A stretch of road in rural France has been given a Elon Musk-esque makeover, with a portion of its path being paved with solar panels.
The 1 kilometer (0.6 miles) road runs through Tourouvre-au-Perche in Normandy, northern France, a small village with a population of just 3,400. The Wattway project involves paving the roadway with over 2,880 solar panel tiles, hoping to provide clean and green energy to the surrounding area.
On average, the road will pump out 767 kilowatt hours (kWh) of electricity every day, or as much as 1,500 kWh per day on a sunny summer’s day. That’s not a huge amount, since flat panels are considerably less efficient at harvesting energy from sunlight compared to angled roof-mounted panels. However, the road will generate enough electricity to power an average family home for a year. The project does not come cheap either, expecting to cost around €5 million ($5.2 million).
The path is being heralded as the world’s first solar powered road. A few smaller solar-powered paths have been opened in Europe, such as the solar-cycle path in Amsterdam, however, this is thought to be the first one that can carry road traffic.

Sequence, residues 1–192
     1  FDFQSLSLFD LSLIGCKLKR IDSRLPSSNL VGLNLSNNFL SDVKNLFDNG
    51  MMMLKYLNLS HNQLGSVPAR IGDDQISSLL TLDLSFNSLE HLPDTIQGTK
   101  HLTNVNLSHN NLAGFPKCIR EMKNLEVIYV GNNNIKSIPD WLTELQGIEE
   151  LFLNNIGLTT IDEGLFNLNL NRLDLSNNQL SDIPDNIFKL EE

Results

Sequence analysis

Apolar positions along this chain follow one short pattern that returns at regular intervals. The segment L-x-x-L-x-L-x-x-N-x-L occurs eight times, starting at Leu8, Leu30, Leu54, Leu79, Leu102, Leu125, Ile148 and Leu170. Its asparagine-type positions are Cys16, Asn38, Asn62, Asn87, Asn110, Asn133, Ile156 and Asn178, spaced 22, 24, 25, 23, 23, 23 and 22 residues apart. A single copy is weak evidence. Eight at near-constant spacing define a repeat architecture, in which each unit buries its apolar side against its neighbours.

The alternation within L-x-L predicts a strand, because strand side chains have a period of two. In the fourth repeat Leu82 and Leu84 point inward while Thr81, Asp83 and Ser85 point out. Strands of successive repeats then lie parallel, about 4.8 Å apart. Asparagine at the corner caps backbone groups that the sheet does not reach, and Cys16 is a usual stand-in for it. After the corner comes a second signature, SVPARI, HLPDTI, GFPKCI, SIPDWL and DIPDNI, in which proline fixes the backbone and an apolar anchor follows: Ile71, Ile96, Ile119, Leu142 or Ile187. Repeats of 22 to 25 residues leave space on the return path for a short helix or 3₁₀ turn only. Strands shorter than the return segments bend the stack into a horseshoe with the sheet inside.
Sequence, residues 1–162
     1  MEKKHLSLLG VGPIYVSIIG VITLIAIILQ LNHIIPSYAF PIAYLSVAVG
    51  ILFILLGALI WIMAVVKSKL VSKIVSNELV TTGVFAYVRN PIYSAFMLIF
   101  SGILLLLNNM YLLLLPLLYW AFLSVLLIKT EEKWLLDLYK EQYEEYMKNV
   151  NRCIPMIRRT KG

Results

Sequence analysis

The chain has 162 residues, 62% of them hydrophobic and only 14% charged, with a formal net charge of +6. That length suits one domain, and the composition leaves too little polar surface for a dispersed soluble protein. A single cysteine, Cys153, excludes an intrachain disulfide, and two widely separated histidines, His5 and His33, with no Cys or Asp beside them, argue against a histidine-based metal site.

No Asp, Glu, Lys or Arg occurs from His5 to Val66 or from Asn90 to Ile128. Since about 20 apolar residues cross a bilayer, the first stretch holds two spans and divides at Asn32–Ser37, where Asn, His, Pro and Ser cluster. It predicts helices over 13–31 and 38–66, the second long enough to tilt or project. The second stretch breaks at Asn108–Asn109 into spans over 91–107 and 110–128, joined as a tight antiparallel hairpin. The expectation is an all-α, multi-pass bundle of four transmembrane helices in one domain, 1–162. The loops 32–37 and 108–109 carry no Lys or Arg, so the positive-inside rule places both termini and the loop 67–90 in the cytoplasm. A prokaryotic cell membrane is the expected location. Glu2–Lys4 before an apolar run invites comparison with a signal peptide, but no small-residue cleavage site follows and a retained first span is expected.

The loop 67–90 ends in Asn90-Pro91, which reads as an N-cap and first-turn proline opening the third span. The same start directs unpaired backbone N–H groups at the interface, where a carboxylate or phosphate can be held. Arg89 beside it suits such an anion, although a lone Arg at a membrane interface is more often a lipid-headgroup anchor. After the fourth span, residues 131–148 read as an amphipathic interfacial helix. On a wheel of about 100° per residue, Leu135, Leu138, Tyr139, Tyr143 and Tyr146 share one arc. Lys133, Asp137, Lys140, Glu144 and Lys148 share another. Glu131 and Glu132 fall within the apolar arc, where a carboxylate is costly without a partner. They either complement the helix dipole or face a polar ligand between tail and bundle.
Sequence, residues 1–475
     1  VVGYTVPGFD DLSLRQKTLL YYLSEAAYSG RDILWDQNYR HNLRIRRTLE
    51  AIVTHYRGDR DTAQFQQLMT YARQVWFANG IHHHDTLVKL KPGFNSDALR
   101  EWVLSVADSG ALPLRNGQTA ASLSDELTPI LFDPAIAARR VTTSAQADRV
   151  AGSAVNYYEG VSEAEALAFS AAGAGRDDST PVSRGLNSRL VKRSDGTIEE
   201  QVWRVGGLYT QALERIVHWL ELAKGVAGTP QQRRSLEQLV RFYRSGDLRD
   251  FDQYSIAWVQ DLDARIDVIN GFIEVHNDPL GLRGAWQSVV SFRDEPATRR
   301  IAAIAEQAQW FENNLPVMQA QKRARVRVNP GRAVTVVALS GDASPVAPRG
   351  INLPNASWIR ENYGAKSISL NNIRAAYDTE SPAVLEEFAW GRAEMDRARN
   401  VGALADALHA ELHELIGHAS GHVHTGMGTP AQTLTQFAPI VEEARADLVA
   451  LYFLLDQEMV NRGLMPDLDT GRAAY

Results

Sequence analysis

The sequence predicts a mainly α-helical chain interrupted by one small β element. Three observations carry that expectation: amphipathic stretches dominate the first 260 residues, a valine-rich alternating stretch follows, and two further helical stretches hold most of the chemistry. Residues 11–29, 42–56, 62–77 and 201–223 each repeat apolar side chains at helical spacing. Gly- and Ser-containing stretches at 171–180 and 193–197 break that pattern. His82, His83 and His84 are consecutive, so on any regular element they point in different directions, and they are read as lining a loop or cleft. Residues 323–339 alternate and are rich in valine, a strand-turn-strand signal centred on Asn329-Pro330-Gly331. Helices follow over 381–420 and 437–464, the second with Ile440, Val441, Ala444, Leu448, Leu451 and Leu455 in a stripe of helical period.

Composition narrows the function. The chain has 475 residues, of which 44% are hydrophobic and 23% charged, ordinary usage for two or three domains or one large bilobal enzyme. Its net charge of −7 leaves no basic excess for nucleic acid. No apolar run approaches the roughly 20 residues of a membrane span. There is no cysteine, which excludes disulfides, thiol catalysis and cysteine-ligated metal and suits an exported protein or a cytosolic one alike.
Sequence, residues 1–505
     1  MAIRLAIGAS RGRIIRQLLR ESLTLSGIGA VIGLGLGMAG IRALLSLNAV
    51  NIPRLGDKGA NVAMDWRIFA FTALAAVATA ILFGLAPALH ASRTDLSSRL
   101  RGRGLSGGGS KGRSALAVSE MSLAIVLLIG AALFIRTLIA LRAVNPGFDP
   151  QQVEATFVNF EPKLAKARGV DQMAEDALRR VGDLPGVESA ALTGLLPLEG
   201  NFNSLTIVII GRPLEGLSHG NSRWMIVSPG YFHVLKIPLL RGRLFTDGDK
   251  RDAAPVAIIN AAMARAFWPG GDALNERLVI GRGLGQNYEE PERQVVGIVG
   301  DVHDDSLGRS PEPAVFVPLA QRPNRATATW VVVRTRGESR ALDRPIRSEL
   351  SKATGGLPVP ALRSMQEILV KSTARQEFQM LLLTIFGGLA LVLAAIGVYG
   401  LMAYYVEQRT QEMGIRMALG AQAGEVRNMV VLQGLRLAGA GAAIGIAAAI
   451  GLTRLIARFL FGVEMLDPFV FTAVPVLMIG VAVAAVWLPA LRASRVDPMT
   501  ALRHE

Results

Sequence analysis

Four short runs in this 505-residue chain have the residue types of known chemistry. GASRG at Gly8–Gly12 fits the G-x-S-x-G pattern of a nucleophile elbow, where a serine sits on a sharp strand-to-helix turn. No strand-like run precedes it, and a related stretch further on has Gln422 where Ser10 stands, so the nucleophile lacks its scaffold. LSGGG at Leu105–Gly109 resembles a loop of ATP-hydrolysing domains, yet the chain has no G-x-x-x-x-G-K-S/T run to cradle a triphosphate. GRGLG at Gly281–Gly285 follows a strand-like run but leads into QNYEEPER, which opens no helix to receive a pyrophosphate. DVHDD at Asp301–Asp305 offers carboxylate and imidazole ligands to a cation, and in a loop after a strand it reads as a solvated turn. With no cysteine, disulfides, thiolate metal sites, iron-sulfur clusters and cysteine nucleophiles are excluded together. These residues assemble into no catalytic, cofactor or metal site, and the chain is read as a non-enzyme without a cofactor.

The project is a two-year trial, which is being used to assess the efficiency and cost-effectiveness of the road. Whether it will be rolled out elsewhere remains unknown considering its hefty price tag. Nevertheless, the company behind the project, Colas, is a large multinational with the money behind it and a strong history of innovating transport infrastructure.
“We are still experimenting with Wattway. Building an application site of this magnitude is a real opportunity for our innovation,” Jean-Charles Broizat, CEO of Wattway, said in a statement.
“This application site has enabled us to improve our process of installing photovoltaic panels as well as their manufacture, in order to optimize our solution as best as possible.”